Excessive flatulence can be a sign that your dog is suffering from a gastrointestinal (GI) disorder. If they’re not properly treated, GI conditions can worsen and may cause other medical issues for your pet. There are several GI conditions that can affect your beagle.



Constipation: This is very common in dogs that don’t get enough exercise. Ensuring that your beagle gets regular walks is important for every aspect of physical health, including GI health. You might also look at increasing the amount of fiber (roughage) that your dog eats. Dogs who don’t drink enough water can quickly become constipated.

Diarrhea: As mentioned above, this can be caused by intolerance. Other causes are infections, parasites (worms), too many unhealthy snacks and human foods, and a too-rapid change in diet. Stress can also give your beagle diarrhea.



Pancreatitis: This is an inflammation of the pancreas, the insulin-producing gland located near the stomach. It can have a wide range of causes and it’s sometimes difficult to track down the exact problem. Fatty treats (especially processed human foods) and infections are common causes, however.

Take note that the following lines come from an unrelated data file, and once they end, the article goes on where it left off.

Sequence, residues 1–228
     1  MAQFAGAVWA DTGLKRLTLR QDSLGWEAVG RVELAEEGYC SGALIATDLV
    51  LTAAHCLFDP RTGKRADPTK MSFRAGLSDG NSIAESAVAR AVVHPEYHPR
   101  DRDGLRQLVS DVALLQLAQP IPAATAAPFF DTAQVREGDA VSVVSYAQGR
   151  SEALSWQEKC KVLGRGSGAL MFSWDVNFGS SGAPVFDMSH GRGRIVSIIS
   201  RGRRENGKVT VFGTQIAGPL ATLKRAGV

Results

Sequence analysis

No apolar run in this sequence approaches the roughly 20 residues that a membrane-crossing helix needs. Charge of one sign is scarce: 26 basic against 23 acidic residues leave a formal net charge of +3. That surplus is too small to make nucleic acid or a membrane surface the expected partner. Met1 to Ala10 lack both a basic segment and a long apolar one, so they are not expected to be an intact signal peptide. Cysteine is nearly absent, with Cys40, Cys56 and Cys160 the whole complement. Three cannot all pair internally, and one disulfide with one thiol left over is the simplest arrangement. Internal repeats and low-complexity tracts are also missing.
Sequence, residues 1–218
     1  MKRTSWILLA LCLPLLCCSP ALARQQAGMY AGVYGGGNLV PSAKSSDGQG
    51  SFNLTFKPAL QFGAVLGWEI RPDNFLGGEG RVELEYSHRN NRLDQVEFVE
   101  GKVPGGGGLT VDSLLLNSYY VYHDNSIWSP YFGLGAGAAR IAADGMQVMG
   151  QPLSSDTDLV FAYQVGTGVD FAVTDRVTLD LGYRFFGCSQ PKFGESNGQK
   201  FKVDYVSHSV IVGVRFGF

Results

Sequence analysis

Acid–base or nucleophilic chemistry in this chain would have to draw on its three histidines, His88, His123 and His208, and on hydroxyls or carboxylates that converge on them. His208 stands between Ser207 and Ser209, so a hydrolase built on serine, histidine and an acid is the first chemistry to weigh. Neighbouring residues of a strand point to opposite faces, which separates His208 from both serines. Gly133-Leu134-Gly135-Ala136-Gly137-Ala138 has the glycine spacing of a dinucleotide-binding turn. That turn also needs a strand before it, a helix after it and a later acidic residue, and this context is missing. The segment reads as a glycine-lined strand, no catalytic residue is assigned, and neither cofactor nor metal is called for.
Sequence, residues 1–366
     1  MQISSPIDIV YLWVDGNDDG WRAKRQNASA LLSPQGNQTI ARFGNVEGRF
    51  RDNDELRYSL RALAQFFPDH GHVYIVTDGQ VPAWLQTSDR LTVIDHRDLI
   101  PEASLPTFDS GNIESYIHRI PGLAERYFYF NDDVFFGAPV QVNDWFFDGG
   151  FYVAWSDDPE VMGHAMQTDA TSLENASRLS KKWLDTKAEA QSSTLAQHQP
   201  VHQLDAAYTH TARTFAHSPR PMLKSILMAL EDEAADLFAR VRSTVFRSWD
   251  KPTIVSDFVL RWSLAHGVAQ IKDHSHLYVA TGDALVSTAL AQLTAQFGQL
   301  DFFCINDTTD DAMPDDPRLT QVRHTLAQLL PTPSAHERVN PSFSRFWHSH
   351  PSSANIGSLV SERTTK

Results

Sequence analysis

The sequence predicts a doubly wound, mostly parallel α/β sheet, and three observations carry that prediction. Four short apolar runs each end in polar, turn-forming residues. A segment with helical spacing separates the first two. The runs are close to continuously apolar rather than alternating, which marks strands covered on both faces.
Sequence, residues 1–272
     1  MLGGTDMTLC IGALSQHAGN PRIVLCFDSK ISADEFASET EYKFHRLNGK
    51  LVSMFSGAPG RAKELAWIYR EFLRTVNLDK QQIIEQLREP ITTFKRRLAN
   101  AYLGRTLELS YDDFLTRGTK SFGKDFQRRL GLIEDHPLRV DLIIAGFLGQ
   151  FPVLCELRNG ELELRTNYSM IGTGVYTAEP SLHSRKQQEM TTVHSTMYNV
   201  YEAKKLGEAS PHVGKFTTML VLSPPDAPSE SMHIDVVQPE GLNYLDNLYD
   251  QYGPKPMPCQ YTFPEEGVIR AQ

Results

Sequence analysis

Colitis: This is an inflammation of the colon. It’s often a result of internal parasites, specifically whipworms. Allergies and intolerances can also cause colitis. Your dog may pass excessive stool, which may contain mucus or blood.



Acute gastroenteritis: Although the name sounds scary, “acute” here just refers to the sudden onset and short duration of the problem. This is very common in dogs and is usually caused by the dog eating something he shouldn’t. Comestibles very high in fat or starch are common culprits, as is spoiled food.

Other medical issues that might be associated with flatulence and an upset stomach are physical trauma (a blow to the abdomen, for example) and the consumption of foreign objects (toys, litter, fabric items, etc). Dogs are notorious for ending up with non-food items in their stomachs. Your dog may develop wind and an upset stomach if he eats something toxic, such as paint or a poisonous houseplant. All of these require medical intervention as soon as possible.

If you’re concerned about your dog’s flatulence and general GI health, speak to your vet. Many of these problems are an easy fix, requiring minor changes in food habits and your dog’s overall lifestyle.